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Another Alzheimer's bust as Merck & Co stops verubecestat study

Late-stage BACE1 failure could be an ominous signal for Eli Lilly/AZ and Biogen/Eisai

Merck & Co

Merck & Co has abandoned the phase III trial of its BACE1 inhibitor verubecestat in Alzheimer’s in what could be an ominous signal for Eli Lilly/AstraZeneca and Biogen/Eisai.

The APECS study of verubecestat (MK-8931) has been terminated one the advice of the trial’s data monitoring committee, which concluded that the drug was unlikely to show a “positive risk/benefit” ratio if it continued to its planned conclusion in 2019.

The failure casts a shadow on other trials of BACE inhibitors, including Biogen and Eisai’s elenbecestat (E2609), Eli Lilly’s LY3202626 and AZ-partnered lanabecestat, which are also in mid- to late-stage testing in Alzheimer’s, as well as other candidates from the likes of Novartis and Amgen in earlier development.

Verubecestat has already chalked up one failed study in mild-to-moderate Alzheimer’s, but what makes this latest setback so unnerving is that the study recruited patients with so-called ‘prodromal’ disease - in other words they were in the very first stages of cognitive impairment.

There have been dozens of amyloid-targeting drugs that failed to meet the mark in testing, but researchers have plugged on in the hope that using them at ever-earlier stages of the disease could be the key to showing a benefit.

That hypothesis has now taken a severe and potentially terminal knock and bodes ill for the other BACE inhibitors like elenbecestat and LY3202626 which are still in testing for prodromal Alzheimer’s disease.

BACE inhibitors are designed to block the formation of the amyloid plaques that characterise the disease, unlike earlier antibody drugs such as Lilly’s solanezumab and Pfizer’s bapineuzumab which attempted to break down and remove established plaques.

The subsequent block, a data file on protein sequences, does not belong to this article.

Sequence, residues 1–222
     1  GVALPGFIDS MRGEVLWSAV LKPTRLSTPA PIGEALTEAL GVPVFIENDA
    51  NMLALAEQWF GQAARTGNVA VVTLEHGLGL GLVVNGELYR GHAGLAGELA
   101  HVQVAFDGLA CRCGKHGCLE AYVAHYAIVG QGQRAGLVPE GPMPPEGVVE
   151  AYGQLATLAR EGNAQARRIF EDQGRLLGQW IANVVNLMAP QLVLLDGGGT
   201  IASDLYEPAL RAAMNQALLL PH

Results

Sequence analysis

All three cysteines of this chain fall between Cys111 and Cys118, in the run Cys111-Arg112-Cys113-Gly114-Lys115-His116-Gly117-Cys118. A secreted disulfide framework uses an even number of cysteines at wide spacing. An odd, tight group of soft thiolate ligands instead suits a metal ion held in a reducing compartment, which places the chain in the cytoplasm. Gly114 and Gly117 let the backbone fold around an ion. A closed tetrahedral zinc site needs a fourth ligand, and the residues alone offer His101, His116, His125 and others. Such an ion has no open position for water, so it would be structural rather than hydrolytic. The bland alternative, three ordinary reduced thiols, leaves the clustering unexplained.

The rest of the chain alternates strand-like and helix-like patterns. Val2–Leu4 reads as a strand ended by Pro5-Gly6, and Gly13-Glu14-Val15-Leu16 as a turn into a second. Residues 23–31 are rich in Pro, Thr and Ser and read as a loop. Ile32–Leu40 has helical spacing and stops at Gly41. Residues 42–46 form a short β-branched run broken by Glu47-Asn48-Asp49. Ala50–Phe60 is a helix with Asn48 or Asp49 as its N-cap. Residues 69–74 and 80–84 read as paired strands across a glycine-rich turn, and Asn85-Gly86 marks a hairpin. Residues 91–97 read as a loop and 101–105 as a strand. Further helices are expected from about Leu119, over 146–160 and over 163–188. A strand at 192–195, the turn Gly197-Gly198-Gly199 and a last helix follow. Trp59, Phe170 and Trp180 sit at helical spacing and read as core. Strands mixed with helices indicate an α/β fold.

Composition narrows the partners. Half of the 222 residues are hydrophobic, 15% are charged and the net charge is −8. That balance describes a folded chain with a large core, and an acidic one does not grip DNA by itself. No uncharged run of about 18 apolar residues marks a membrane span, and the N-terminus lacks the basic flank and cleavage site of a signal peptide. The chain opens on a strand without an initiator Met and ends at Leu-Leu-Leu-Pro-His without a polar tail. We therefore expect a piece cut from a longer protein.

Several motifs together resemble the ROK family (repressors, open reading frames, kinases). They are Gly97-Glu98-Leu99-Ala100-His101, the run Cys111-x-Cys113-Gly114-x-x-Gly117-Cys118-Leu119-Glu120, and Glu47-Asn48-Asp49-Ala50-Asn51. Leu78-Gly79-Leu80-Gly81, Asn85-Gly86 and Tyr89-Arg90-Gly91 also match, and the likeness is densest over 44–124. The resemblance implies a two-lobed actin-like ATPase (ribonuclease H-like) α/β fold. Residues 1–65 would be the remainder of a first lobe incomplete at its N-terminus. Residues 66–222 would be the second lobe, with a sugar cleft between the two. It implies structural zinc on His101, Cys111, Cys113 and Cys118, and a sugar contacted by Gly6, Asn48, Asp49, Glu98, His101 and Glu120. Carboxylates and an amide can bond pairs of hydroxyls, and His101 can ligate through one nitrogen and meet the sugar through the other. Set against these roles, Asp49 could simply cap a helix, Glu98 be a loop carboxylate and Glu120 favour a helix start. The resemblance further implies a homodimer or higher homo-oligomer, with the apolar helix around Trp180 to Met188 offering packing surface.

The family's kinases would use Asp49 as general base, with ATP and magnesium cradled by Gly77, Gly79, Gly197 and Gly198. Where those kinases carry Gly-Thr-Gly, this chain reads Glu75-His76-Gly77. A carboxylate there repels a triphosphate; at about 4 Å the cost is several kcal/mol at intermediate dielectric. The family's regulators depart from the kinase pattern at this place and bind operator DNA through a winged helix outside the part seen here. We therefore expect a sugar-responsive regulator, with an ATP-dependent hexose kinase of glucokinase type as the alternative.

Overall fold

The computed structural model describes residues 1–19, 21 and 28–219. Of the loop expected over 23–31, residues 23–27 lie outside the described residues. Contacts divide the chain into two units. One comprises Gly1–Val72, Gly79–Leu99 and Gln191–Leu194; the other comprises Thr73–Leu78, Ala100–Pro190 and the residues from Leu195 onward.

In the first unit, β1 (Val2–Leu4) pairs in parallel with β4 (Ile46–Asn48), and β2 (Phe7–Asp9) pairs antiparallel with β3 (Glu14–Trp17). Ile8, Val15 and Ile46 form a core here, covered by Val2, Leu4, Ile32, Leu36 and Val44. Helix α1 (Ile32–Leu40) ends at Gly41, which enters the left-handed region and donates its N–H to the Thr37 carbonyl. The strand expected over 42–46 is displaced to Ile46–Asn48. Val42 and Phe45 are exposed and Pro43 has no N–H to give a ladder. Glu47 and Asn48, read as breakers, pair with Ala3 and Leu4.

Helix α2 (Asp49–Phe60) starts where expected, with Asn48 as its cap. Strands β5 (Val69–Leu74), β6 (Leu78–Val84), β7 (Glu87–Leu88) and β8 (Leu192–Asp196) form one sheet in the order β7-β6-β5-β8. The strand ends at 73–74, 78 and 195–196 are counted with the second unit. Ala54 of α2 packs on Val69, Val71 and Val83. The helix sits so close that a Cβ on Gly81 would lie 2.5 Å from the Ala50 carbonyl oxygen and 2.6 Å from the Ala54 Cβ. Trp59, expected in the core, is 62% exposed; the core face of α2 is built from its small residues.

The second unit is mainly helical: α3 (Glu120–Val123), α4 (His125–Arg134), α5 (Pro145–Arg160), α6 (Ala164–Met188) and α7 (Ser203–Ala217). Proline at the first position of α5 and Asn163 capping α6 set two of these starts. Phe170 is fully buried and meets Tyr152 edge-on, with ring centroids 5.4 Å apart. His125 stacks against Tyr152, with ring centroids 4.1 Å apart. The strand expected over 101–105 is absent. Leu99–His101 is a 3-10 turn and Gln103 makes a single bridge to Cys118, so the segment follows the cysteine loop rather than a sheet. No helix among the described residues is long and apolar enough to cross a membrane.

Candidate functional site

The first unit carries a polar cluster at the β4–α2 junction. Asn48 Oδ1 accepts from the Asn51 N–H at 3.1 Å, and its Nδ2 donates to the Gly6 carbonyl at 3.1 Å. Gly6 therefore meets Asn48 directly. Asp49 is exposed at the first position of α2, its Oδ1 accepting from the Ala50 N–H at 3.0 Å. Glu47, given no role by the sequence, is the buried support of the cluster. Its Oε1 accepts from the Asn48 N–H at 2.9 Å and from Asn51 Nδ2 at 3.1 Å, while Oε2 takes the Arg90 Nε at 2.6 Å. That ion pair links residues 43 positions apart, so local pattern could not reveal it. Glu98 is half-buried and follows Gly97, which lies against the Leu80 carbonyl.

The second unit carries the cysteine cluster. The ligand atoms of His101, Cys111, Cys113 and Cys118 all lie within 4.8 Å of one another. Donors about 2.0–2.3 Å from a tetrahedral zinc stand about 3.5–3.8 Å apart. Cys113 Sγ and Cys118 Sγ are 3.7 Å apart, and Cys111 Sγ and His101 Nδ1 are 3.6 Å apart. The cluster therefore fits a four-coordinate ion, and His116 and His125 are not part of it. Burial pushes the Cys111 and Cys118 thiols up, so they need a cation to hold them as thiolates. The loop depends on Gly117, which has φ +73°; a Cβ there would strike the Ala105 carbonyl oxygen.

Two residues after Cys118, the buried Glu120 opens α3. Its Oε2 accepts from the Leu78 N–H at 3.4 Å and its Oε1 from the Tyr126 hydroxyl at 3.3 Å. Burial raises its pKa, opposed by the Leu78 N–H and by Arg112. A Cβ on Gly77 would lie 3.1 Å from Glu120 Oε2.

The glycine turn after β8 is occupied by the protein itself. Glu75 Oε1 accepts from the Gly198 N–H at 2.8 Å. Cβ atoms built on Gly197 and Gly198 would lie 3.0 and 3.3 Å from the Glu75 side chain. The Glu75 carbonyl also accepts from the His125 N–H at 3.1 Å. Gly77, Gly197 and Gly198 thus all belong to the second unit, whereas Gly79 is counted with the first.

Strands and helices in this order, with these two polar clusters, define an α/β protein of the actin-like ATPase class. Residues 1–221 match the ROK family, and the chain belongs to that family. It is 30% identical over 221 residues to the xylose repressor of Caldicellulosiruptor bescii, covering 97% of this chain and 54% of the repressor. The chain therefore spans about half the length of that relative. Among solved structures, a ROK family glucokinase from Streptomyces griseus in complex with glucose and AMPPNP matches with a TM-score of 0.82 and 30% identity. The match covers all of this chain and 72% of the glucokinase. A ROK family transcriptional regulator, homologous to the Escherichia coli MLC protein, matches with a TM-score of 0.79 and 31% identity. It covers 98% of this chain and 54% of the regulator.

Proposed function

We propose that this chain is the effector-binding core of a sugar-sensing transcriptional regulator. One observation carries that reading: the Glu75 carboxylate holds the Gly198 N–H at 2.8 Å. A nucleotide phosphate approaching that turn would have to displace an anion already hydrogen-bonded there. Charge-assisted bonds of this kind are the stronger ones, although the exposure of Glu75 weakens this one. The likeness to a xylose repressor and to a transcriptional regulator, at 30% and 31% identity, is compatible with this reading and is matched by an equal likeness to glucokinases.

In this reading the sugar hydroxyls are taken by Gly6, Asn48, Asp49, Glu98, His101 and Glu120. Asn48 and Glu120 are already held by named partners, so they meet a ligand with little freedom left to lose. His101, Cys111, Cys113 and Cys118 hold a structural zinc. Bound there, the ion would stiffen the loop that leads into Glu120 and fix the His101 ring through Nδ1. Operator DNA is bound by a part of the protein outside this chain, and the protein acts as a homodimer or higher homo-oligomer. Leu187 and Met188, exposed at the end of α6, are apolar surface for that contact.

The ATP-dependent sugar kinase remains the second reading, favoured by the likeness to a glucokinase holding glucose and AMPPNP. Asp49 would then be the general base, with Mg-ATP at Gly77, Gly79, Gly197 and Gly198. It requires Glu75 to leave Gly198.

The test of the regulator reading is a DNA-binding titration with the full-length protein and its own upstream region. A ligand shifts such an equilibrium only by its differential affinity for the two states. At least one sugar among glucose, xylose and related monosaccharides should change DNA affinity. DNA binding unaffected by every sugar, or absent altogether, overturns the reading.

Inhibiting BACE can have a number of other unwanted effects, and it’s not clear from Merck’s statement whether a lack of efficacy or tolerability issues, or a combination of the two, were behind the decision. More will be revealed no doubt when the APECS data is presented at a future medical conference.

If the other BACE inhibitors follow the same path the next big test of the amyloid hypothesis will come when Biogen and Eisai report data from two trials of their aducanumab candidate, which works in a slightly different way to solanezumab, in around 2020.

Merck Research Laboratories president Roger Perlmutter said the company is "disappointed with this outcome, especially given the lack of treatment options for patients suffering from Alzheimer's disease."

Meanwhile, verubecestat’s demise follows a series of recent casualties in the Alzheimer’s pipeline. Since the start of the year, Boehringer Ingelheim has stopped development of its PDE9a inhibitor BI 4093906, Takeda and Zinfandel abandoned efforts to repurpose diabetes drug pioglitazone for the disease, and Axovant Sciences dropped its 5-HT6 receptor antagonist intepirdine.

Article by
Phil Taylor

14th February 2018

From: Research



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